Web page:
1. Best book that was outside of your comfort zone?
    Under the Mesquite by Guadalupe Garcia McCall: An expression that comes to mind about Under the Mesquite by Guadalupe Garcia McCall is that “the whole is greater than the sum of all its parts”. The main storylines to this verse novel are the immigration of a Mexican family to America and the death of a parent. Thematically, the story is also about family, friendship, and identity. All of these parts interconnect to make an emotional experience that will have long-lasting impact.
  1. Book which most surprised me?
    The Pye Books by Eleonor Estes: Eleanor Estes is well-recognized for writing memorable family stories, among them the Pye stories. With Ginger Pye and Pinky Pye, Estes adds pets and mysteries to the mix. Although her unhurried style may not appeal to all, I’ve come to treasure these innocent stories of a close-knit family in a small town.
  1. Book which most disappointed me?
    Snub Club by Diane Christiansen: When her son was diagnosed with autism, Diane Mayer Christiansen drew upon her own childhood experiences with dyslexia to become his best advocate. Finding that there are too few children’s books that feature main characters with special needs, she decided that it was up to her to help fill that void. Christiansen’s heart is certainly in the right place with The SNUB Club and I wish I could recommend it. Sadly, it has too many flaws.
  1. Book I can’t believe I waited to read?
    Eleanor and Park by Rainbow RowellEleanor and Park has become one of my favorite teen romances. It breaks stereotypes, depicts realistic situations and characters, and doesn’t shy away from the darker sides of life. In other words, this is neither a fluffy romance nor an overwrought tragedy. It’s as real as they come. Eleanor and Park is a poignant love story.
  1. Best book you reread?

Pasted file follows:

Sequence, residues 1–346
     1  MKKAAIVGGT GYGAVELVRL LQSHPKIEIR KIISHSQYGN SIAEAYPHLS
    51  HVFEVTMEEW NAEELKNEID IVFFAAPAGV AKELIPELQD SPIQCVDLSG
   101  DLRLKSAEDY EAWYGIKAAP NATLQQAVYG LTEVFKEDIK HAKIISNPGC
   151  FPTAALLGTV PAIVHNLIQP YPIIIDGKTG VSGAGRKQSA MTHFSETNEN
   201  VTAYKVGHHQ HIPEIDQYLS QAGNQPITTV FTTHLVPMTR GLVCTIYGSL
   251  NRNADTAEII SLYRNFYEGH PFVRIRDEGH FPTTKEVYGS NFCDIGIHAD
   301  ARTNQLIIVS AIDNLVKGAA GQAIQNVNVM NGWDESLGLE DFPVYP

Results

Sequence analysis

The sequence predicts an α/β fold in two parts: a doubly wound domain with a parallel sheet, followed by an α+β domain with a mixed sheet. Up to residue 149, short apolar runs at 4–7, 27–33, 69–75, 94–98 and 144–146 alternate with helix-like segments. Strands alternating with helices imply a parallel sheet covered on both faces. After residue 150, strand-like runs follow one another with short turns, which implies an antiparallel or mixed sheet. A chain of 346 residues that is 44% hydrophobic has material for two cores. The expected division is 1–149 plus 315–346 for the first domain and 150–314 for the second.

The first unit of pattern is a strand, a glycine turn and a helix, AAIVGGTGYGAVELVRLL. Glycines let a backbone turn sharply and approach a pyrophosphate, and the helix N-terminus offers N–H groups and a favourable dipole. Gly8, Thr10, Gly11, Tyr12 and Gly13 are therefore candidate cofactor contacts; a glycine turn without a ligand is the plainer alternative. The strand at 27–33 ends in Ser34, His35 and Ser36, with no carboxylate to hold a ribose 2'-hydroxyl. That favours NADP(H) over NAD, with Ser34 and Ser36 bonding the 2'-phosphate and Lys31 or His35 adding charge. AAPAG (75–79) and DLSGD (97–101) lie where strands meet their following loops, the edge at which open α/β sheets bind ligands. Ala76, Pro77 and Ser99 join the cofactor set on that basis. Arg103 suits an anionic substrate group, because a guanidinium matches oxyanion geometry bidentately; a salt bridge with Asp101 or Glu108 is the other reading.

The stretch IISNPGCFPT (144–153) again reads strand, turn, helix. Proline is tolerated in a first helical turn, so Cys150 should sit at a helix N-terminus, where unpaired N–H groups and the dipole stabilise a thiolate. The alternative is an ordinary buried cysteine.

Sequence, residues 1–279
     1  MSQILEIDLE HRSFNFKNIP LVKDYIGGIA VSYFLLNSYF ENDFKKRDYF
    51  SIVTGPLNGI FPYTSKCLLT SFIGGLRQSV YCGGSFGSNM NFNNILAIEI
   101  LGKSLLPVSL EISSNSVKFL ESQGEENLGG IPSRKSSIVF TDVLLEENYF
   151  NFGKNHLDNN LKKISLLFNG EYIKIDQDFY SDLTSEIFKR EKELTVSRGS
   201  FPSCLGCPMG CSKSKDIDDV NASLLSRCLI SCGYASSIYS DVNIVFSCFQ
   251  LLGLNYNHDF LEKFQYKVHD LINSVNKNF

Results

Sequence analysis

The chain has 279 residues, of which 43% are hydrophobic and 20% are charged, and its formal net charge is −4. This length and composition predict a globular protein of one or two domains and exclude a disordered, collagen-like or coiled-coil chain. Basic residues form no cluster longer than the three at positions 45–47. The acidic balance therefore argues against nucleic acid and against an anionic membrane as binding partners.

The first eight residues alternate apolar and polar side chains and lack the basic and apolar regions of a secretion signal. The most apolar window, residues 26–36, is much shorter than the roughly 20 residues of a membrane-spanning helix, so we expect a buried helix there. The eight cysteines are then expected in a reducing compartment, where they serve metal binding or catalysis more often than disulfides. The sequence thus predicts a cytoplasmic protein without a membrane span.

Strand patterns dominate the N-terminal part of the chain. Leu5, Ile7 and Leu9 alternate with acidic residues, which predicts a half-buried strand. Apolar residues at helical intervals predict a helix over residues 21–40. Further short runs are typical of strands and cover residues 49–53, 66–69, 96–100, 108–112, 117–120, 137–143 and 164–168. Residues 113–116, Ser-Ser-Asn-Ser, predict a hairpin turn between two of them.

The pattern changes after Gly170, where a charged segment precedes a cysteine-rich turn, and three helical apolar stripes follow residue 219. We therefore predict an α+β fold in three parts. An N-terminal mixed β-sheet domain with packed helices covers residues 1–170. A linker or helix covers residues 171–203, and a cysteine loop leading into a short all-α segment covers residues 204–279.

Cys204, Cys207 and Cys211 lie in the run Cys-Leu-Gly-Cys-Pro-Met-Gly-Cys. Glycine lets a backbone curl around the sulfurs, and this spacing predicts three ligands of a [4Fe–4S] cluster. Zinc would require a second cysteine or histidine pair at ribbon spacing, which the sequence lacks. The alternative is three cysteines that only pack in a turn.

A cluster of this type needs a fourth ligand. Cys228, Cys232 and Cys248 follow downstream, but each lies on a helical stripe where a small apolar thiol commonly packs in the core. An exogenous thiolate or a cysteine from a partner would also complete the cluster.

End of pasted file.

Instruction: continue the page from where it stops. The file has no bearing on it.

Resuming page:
Are You There God? It’s Me Margaret: When I decided in December to review favorite books, I tried to choose ones that were lesser known. And yet I’ve picked the book that launched Judy Blume’s career: Are You There God? It’s Margaret. You see, among all of her books, it’s the book one that had the greatest impact on me.
  1. Best new author to me? John Green/Siobhan Dowd

As in previous years, there are many wonderful I read books which I didn’t include on this list. I encourage you to check over my reviews from the past year to find other books which you might equally enjoy. There are also books featured which could have fit into several categories, not just the one where I put it.

Your Turn! What books for young people were your favorite reads from 2014?

Advertisements

Leave a Reply

Fill in your details below or click an icon to log in:

WordPress.com Logo

You are commenting using your WordPress.com account. Log Out / Change )

Twitter picture

You are commenting using your Twitter account. Log Out / Change )

Facebook photo

You are commenting using your Facebook account. Log Out / Change )

Google+ photo

You are commenting using your Google+ account. Log Out / Change )

Connecting to %s

Allisons' Book Bag Logo

Spring Reviews

Almost a year after I announced that it was time to take a step back from this blog, Allison's Book Bag is still here. I'm slowly working back up to weekly reviews again. Each week, there will be one under any of these categories: Advanced Reader Copies, animal books, religious books, or diversity books. Some will come in the form of single reviews and others in the form of round-ups. Just ahead, there will be reviews of:

  • Freddy the Frogcaster and the Terrible Tornado by Janice Dean
  • The Distance Between Us by Reya Grande
  • Hearts of Fire from The Voice of Matyrs

Categories

Archives

Cat Writers’ Association
Artists Helping Animals

Enter your email address to subscribe to this blog and receive notifications of new posts by email.

Join 300 other followers

%d bloggers like this: